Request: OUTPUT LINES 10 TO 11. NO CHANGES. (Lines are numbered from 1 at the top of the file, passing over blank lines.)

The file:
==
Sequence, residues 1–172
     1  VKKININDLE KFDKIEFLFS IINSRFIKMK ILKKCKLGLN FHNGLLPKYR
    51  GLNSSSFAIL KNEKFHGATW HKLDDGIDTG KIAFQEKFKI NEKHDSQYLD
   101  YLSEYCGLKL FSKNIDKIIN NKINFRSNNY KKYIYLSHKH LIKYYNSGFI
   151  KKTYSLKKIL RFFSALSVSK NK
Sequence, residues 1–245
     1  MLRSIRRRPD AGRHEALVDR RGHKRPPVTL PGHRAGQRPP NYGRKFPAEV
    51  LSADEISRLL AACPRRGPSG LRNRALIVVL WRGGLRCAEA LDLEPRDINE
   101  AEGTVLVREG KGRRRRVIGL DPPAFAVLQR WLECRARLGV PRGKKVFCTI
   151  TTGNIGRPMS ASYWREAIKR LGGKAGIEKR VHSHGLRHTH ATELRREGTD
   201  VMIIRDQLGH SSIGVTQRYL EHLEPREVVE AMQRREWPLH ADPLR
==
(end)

   151  TTGNIGRPMS ASYWREAIKR LGGKAGIEKR VHSHGLRHTH ATELRREGTD
   201  VMIIRDQLGH SSIGVTQRYL EHLEPREVVE AMQRREWPLH ADPLR